Another concern raised against the application of this substance is its potential of causing environmental pollution since it contains mercury. If amalgam waste is poorly disposed, it can cause air or water pollution. When amalgam waste is released into sewers, it can form sewage sludge. Inmost cases sewage sludge is usually disposed in land fills. Alternatively, it can be disposed through incineration, or it may be applied as fertilizer. When sewage sludge containing amalgam waste is used as fertilizer, it can still evaporate to the atmosphere and interfere with environment. “If the sewage sludge is incinerated, mercury will still be released into the atmosphere” (Eley 45). Finally, dumping of sludge in land fills leads to contamination of underground water. Much of the mercury which contaminates waste water is usually derived from dental sources. Therefore, poorly disposed mercury endangers the ecosystem.
The concerns mentioned above make the use and safety of dental amalgam questionable. However, dental amalgam exhibits some advantages that make it suitable for dental treatment. For instance, it is long lasting since it does not break easily. On the contrary, mercury expands and contracts, hence, leading to tooth damage. In addition to this, as the amalgam wares off, bacteria and fluids can seep under the filling.
Another benefit of dental amalgam is that it is cheaper compared to other filling materials. This brings into mind the old adage that cheap is expensive. It may be considered cheap, but the harm it may cause to the body organs can be adverse, and this may make one incur more expenses compared to other filling materials.
SOLUTIONS TO THE PROBLEM OF DENTAL AMALGAM CONTROVERSY
A number of measures can be taken to help solve this problem. First, environmental pollution stemming from amalgam waste can be prevented by ensuring that dentists use dental separators to prevent excess amalgam wastes from being released directly into sewage systems. In this case, regulations should be put in place to prohibit the release of such wastes into surface waters. Campaigns can also be carried out to sensitize dentists on how to safely dispose the dental amalgam wastes.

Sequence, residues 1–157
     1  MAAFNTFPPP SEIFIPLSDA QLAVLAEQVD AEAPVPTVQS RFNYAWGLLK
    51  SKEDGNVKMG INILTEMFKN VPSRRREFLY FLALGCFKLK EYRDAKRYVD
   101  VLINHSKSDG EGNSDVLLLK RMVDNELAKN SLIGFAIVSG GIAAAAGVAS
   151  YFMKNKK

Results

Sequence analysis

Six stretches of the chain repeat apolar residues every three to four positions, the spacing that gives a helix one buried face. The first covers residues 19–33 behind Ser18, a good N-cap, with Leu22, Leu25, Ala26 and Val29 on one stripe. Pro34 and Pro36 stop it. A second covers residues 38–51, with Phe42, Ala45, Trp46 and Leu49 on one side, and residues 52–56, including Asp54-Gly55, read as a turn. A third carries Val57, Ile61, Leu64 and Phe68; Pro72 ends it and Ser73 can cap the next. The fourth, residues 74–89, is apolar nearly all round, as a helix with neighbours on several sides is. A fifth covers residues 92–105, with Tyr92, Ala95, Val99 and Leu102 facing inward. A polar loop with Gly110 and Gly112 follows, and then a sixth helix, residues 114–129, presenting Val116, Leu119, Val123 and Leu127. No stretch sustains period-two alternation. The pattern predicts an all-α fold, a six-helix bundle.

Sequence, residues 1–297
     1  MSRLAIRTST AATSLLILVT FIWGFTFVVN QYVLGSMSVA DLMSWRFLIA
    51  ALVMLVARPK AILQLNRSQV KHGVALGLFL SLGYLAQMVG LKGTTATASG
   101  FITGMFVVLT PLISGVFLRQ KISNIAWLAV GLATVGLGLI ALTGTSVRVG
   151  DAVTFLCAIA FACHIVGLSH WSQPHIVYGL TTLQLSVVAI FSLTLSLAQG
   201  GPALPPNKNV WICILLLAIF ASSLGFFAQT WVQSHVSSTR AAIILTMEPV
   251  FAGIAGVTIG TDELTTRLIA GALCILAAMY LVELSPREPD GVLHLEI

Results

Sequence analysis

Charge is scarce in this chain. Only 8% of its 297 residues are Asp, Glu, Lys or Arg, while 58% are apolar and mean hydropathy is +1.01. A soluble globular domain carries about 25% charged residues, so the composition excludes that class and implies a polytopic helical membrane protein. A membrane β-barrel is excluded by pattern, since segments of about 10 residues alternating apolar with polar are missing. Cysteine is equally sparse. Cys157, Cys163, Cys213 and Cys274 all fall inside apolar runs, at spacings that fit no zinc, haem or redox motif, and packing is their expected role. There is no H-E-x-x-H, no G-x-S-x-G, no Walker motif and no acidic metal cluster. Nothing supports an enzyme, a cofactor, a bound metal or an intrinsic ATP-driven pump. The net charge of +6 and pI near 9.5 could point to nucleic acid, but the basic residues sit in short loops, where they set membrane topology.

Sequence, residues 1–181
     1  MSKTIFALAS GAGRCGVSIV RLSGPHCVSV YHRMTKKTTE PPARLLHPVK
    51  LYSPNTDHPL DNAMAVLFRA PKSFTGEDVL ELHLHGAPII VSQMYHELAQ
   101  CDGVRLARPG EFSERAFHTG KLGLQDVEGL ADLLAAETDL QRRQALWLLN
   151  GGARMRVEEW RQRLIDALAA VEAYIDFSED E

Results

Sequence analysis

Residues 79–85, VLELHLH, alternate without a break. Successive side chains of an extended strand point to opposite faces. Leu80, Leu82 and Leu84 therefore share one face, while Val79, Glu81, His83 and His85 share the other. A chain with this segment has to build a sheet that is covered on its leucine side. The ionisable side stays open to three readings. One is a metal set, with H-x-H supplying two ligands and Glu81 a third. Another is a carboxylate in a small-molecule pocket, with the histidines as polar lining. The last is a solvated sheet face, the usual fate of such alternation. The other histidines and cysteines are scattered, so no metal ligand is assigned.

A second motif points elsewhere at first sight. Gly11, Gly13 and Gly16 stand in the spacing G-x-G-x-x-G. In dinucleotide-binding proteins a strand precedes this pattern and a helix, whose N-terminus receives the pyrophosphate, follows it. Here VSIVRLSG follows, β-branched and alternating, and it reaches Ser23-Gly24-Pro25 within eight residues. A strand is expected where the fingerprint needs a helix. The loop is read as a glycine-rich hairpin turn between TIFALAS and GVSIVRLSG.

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Secondly, dentists should consider using alternative dental filling technique such as resin composite, gold alloys and porcelain. These methods are not harmful to human health. These alternatives can also be helpful to individuals allergic to the components of dental amalgam. Breast feeding mothers and pregnant women should apply other mechanisms of dental fillings, but nor dental amalgam. Lastly, patients who have undergone dental amalgam filling should not consider removing them because it will further expose them to mercury vapor released during the removal process.
Based on the above arguments, dental amalgam is not the best option for dental filling. Therefore, patients should consider using other filling materials. Through this strategy, we shall not only avoid body complications, but also protect other living organisms and the environment at large. By embracing other dental filling materials, dentists will not be exposed to the risks associated with handling mercury. Lastly, “various countries should abolish the use of dental amalgam due to its adverse effect on human health and the environment” (Bindsle 67).